What ensued was a case study in how evil can break out and overrun a land. The rubric was racism, but that was only an excuse for lust and bloodlust. Among the first victims were moderate Hutus who spoke against the genocide, including the acting Prime Minister. Radicalism was ascendant, and the center could not hold.
Neighbors, lifelong friends, and fellow church members suddenly became killers and rapists, as all civil order vanished. The nation actually came to a commercial halt, as Hutus embraced the wholesale killing of Tutsis as their full-time job.
Over that backdrop of horror, Immaculee’ tells her tale. For three months she survives by being hidden in a small bathroom with seven other women. Initially she was overcome with a paralyzing and torturous spirit of fear. She was always a believer, but now her faith came down to desperate spiritual warfare. The battle was intense. The instant she left off praying and believing, the spirit of fear and death would overwhelm her again, as the machetes of her pursuers sometimes brushed against the other side of the bathroom walls, only inches away.
Immaculee’ focused on Bible verses of faith, such as found in Mark 11. She would silently meditate for hours on the meaning of one word at a time. Literally in the valley of the shadow of death, she began to envision God’s protective hand over her. Eventually she began to have the victory of faith over fear, and she saw repeated tangible evidence that her faith was supernaturally efficacious in the real world.
“I realized that my battle to survive this war would have to be fought inside of me. everything strong and good in me – my faith, hope and courage – was vulnerable to the dark energy. If I lost my faith, I knew that I wouldn’t be able to survive. I could only rely on God to help me fight.” -Immaculee’ Ilibagiza
Eventually a new challenge presented itself, as a different darkness strove to grip her heart. This time it wasn’t fear that sought Immaculee’, it was hatred. She realized that her family most probably had been slaughtered, and she began to desire vengeance. With that dark spirit enveloping her, she soon realized that if she was going to continue with the Lord she had to let go of unforgiveness. After a struggle, light crept in and she began to see the perpetrators as the worst victims of their acts. The were misled children who indeed would be punished for their choices, unless they repented. She again reached a plateau of peace and communion with the Lord, and her faith once again became a tangible and effective force.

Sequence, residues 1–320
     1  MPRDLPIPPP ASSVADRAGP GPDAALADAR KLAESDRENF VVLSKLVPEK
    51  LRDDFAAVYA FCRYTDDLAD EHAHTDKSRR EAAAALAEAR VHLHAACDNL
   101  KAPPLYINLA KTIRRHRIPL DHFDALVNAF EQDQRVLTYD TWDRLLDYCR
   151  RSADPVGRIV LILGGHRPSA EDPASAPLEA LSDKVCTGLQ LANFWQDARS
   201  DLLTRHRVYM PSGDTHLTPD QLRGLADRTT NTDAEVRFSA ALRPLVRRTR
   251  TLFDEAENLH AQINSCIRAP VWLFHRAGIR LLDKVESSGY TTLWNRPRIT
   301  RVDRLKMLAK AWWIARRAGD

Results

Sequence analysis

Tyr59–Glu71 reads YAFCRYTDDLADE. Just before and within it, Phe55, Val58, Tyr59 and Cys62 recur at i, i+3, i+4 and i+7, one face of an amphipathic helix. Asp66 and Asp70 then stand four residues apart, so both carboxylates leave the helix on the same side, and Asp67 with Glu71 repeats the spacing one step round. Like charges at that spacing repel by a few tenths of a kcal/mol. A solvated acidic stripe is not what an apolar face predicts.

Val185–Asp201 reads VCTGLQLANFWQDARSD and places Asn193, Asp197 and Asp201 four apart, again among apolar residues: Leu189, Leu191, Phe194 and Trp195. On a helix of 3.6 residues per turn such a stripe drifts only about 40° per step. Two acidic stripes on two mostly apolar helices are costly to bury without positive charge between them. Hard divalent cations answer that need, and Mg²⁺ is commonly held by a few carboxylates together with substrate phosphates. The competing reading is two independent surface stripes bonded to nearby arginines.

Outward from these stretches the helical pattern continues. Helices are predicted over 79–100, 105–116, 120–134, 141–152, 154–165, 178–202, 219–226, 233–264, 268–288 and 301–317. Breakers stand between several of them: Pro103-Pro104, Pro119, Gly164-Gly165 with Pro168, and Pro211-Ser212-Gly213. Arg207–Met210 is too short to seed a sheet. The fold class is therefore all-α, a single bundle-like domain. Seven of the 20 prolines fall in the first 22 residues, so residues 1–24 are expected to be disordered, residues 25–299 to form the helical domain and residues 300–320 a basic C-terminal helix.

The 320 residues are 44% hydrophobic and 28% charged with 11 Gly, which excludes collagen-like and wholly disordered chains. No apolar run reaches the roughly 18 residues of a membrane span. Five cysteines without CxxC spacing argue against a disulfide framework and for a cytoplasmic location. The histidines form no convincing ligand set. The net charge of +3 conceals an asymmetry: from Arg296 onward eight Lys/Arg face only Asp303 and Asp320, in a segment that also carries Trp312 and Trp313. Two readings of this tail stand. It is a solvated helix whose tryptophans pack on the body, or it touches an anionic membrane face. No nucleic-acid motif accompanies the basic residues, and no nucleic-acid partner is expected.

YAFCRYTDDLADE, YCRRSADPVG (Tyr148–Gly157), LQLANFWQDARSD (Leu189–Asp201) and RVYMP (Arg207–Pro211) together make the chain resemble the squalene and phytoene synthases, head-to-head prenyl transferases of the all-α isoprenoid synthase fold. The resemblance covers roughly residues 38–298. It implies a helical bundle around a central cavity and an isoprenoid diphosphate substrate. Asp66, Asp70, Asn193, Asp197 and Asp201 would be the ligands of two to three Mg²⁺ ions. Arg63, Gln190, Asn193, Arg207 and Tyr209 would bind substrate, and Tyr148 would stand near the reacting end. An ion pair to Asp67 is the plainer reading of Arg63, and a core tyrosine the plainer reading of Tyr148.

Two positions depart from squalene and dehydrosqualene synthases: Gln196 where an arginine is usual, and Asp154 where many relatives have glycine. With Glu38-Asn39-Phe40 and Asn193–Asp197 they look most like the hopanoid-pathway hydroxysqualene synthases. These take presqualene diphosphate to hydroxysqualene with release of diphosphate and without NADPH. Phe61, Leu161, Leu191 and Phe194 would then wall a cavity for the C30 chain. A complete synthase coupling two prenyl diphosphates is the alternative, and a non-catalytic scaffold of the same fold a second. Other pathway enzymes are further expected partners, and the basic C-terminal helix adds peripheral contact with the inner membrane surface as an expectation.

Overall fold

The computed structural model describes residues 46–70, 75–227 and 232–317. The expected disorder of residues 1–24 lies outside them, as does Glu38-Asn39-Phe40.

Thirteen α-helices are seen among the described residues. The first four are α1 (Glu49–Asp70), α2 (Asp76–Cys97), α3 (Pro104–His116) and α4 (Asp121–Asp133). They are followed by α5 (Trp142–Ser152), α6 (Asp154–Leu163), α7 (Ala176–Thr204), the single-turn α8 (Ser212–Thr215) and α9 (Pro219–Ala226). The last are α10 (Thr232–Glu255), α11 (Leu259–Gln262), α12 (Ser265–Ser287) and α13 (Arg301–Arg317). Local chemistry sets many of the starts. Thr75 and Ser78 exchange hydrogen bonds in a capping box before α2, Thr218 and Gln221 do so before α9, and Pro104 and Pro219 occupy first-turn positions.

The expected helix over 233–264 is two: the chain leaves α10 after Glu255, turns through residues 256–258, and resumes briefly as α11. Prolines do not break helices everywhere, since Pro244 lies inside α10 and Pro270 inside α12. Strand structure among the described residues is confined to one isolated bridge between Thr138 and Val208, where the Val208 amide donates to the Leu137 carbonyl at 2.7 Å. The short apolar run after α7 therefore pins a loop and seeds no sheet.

Even in Mark 11, where Jesus speaks of the unlimited power of faith, forgiveness is given as a requirement. We simply cannot draw down on God’s power unless we are in right relationship with Him. And that means forgiving others.
Eventually the seven women left the bathroom and found shelter in a French compound. And finally, invading Tutsi forces retook the nation and restored order.
The story doesn’t end there, though. Immaculee’, with no family and in a devastated country, has huge hurdles to overcome in order to restart her life. The story of how she believes God for miracle after miracle and makes a rich life for herself is amazing. She is Catholic, but the way she takes verses on faith and visualizes her success makes a Pentecostal feel right at home. I found the way she co-labors with God in bold, practical ways to make her visions become reality refreshing to the utmost. I learned much from her, and watched closely as she had the spiritual insight to turn down a very appealing marriage prospect because it didn’t feel spiritually right. This is a woman who has spent a lot of time in the deep presence of the Lord.
I highly recommend this book, for the way it shows God’s ability to preserve and provide in the midst of dark circumstances, and for its very clear depiction of our role in the equation. We may ask why Immaculee’ lived while so many died. We cannot know the answer, which surely involves the mysteries of God’s will, but we can know that within the context of that will God is always faithful to those who look to Him. Sometimes it takes dire circumstances indeed for that truth to be revealed to us in a meaningful personal way. Immaculee’ has written her story of how God has been faithful to her even amid great trial and loss, and that story is edifying indeed.